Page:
Friday, January 30, 2009


Dr. Sonia Robbins is a brave, tough-minded woman I met in Daheisheh refugee camp just outside Bethlehem the evening of November 17, 2008. A British reconstructive surgeon working at Gaza's Shifa Hospital, she had been denied access to her patients there since the imposition of the Israeli blockade on November 4. When near fifty of us decided to peel away from the Sabeel Conference * we were then attending to stand in solidarity with the humanitarian NGOs we had learned would seek to enter Gaza the next morning, Sonia volunteered to go with us to the Erez Crossing, offering sound advice on how to behave with the Israeli security personnel and foreign media we were soon to encounter. I will not forget the day - November 18 - nor Sonia. Here is her unvarnished, unscrubbed report from the day before yesterday from Gaza. She finally got in...and this is what she found. I offer it without further comment. It needs none.


From: "Sonia Robbins" <>

Date: January 28, 2009 10:51:19 PM PST

Subject: from dr sonia

hi, what to say? the aftermath of the massacre leaves destroyed families and buildings, no sign of cement coming in, rafah still intermittently closed, many patients transferred to egypt and lost into black hole of buearocracy and families cannot trace. medical staff and people still shellshocked although cars and people on the streets again but all people have the memories of the events of 20 days bombardment, charred bodies and probably no family is intact. we visited a number of homes where people often children sit with legs in plaster, dressings on multiple wounds not sure what happened and what is going to happen as the medical services probably did break under the strain and now only with all the visitors is there an ongoing care. medical staff here need time off but still sit in clinics trying to cope. Money will no doubt pour into the system now but unless there is some justice over the use of unconventional weapons on a civilian popultation so the extent that almost every street had bits of phosphurus mixture that kids play with to make it ignite 20 days later in some cases. That also needs clearing up safely particularly as rain water or heat of the summer could reignite these remnants. children are already getting fingers and faces burnt as they play with remnants in the streets. reports will come out but all effort must be made to bring some justice to the palestinian people.Phosphorus and possible other materials used may also have a later carcinogenic effect. I am ok and being accompanied by Greek and Uk colleagues some of the time which is good when seeing and hearing about these events. such weapons should not even be produced for any use. there are also very disturbing reports of executions by il ground personnel. no wonder il has done its best to keep all journalists and foreigners out as long as they could and for most of the war and still making it very difficult for entry with egyptian beaurocratic help even to deciding that a psychiatrist was not 'medical enough - not needed' in thi situation and therefore not allowed in. knowing when to leave will be difficult as it will take many years and perhaps never for all the physical scars and rebuilding to be done as well as the unseen psychological ones. but much will be healed and helped if there is some justice here. without that the physical scars on the bodies and buildings here may be patched up but the deeper psychological ones will remain without the healing salve of some restorative justice.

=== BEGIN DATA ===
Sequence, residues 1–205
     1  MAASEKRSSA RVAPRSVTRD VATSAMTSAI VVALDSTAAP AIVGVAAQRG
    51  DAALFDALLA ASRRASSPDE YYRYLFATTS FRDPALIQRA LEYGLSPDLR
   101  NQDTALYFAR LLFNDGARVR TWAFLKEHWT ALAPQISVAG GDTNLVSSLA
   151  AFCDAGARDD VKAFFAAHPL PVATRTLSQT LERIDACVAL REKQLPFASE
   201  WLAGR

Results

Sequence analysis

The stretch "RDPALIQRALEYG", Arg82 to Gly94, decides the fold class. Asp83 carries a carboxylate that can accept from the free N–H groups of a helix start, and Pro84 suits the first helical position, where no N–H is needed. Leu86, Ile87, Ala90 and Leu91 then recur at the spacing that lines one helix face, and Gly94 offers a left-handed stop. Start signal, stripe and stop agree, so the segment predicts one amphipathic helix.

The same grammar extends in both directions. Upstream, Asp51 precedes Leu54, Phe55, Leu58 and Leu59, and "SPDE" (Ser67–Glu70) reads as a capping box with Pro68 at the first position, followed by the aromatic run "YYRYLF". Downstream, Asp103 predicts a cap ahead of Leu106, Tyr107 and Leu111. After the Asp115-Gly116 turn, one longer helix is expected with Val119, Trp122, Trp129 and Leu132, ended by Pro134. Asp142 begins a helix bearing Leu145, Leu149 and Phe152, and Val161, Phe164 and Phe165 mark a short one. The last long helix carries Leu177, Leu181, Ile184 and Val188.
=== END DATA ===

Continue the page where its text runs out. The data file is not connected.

the picture is as it says - the american school in gaza targetted by il probably with munitions from usa. what an education we are giving here.



* We were attending an international conference to mark the 60th anniversary of the Nakba or Catastrophe experienced by the Palestinian people in 1948. The conference was sponsored by Sabeel (The Way), an ecumenical Palestinian Christian liberation theology group centered in Jersusalem and Nazareth.

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